Michael Jankelowitz, has worked for the World Zionist Organisation and Jewish Agency  for Israel in various capacities since leaving the National Union of Israeli Students in 1978. He has worked in the WZO’s Student Division in New York and Jerusalem and was the Jewish Agency’s representative to the Jewish organization, Hillel in Washington DC and advisor on World Jewry to the JAFO treasury. He has also worked as spokesperson for JAFI.

While the mission of Lay of the Land (LotL) is to provide a wide and diverse perspective of affairs in Israel, the Middle East and the Jewish world, the opinions, beliefs and viewpoints expressed by its various writers are not necessarily ones of the owners and management of LOTL but of the writers themselves.  LotL endeavours to the best of its ability to credit the use of all known photographs to the photographer and/or owner of such photographs

A Corona Cry for Help

The JNF in South Africa responds

By Beverley Price

Domestic Fundraiser.   A familiar sight in most Jewish homes around the world, the KKL-JNF Blue Box served as a cherished and popular means to realize the Zionist vision of establishing a state for the Jewish people.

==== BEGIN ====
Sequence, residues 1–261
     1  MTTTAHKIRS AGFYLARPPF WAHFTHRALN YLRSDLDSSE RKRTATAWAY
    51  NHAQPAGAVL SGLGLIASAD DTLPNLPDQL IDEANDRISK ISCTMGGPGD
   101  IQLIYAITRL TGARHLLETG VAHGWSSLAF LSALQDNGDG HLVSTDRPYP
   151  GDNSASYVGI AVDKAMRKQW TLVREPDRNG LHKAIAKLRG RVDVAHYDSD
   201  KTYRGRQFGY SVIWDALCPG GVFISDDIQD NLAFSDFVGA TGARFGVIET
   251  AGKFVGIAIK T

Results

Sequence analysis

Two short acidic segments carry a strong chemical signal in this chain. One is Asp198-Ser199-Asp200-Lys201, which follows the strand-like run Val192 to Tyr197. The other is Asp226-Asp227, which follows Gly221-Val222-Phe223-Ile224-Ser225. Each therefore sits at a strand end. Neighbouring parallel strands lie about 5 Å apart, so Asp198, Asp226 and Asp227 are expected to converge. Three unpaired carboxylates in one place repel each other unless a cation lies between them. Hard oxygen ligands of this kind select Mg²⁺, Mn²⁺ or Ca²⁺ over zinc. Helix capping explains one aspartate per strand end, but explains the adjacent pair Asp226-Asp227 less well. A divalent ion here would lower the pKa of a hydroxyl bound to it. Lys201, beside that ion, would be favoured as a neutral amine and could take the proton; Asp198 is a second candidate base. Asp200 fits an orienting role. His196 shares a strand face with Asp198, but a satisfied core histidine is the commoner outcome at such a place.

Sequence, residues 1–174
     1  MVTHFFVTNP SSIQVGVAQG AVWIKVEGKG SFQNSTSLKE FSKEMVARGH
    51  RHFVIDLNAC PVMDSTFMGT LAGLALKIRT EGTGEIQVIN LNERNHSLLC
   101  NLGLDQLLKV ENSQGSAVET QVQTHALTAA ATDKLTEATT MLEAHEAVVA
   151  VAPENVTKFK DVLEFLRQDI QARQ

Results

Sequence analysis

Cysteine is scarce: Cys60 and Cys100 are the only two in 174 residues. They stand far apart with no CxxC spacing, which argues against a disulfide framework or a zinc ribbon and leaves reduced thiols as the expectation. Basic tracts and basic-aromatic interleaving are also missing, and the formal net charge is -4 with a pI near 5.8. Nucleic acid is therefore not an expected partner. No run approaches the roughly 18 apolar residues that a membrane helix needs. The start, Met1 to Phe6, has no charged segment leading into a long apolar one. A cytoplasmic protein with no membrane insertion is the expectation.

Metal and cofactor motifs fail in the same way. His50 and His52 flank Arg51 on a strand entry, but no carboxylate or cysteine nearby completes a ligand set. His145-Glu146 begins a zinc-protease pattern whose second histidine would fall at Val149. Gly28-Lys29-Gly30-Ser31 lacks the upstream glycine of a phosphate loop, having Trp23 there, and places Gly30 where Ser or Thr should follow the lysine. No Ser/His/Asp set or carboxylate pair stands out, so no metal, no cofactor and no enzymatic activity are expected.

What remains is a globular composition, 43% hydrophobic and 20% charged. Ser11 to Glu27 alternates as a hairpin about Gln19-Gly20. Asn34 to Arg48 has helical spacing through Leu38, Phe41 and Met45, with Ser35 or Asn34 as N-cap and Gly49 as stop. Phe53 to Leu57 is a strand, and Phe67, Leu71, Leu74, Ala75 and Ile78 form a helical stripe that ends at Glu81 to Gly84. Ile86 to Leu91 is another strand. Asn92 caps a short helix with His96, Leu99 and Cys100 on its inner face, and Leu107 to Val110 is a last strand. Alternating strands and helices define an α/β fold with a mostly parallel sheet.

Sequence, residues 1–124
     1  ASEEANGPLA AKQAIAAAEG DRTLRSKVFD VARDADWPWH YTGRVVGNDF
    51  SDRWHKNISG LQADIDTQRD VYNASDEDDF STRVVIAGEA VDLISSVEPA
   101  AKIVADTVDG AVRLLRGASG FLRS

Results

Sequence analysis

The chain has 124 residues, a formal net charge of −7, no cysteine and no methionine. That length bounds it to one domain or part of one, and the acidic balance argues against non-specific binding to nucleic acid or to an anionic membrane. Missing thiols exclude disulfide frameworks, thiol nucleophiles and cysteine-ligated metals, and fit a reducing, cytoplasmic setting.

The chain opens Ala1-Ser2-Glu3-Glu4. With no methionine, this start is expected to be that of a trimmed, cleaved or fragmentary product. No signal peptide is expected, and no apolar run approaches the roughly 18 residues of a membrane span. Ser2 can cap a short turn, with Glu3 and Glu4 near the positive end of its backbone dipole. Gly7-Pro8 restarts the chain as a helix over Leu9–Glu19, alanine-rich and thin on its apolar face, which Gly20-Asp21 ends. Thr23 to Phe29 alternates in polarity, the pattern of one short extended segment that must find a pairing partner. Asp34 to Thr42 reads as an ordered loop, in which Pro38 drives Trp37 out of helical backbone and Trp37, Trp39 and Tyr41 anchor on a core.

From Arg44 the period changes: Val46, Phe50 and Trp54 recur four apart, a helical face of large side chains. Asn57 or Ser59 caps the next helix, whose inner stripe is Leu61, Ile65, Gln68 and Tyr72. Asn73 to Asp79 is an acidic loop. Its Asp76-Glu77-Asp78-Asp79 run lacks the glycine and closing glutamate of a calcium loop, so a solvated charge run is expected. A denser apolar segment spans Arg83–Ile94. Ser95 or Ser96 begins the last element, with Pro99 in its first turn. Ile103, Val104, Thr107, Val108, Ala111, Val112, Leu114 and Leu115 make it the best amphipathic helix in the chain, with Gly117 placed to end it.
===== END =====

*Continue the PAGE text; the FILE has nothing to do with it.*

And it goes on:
Jews over a certain age will remember the iconic little blue Jewish National Fund (JNF) collection boxes they had in their homes where any spare coins were deposited in the slit that went towards planting trees in Israel. Whether they were dimes in the USA, pennies in the UK or pennies and later cents in South Africa they added up and over time helped transform Israel’s landscape from desert brown to fertile green. They contributed to changing the landscape of  a Palestine from what  Mark Twain derisively described in his 1867 visit as “repulsive and dreary…..hardly a tree or a shrub anywhere” to being the only country in the world to have a net gain of trees in the last 100 years!

However, there would be further changes following the changing fortunes of South Africa and Israel.

If in the post-1948 Israel independence years, South Africa JNF was in the vanguard in supporting state-building projects in Israel, in more recent years, a new paradigm developed with JNF supporting projects in South Africa. Israeli expertise in overcoming harsh environmental challenges could and is benefitting South Africa.

One such project is  the community in Mamelodi,  a semi-rural town located 90 kilometres from Johannesburg.  In the  early 1990’s, the JNF initiated a long-term sustainable development project there on behalf of the Jewish community in South Africa by opening the Walter Sisulu Environmental Centre. They did so in the presence of another icon, the President of South Africa – Nelson Mandela, who had earlier suggested the area to the JNF, close to the Mandela Park Peace Garden that  teaches pensioners to grow and sell their own food.

Conservation Champions. The Jewish National Fund (JNF), Walter Sisulu Environmental Centre in Mamelodi, Gauteng Province, South Africa is an environmental discovery centre that aims to develop community “conservation champions” for the environment.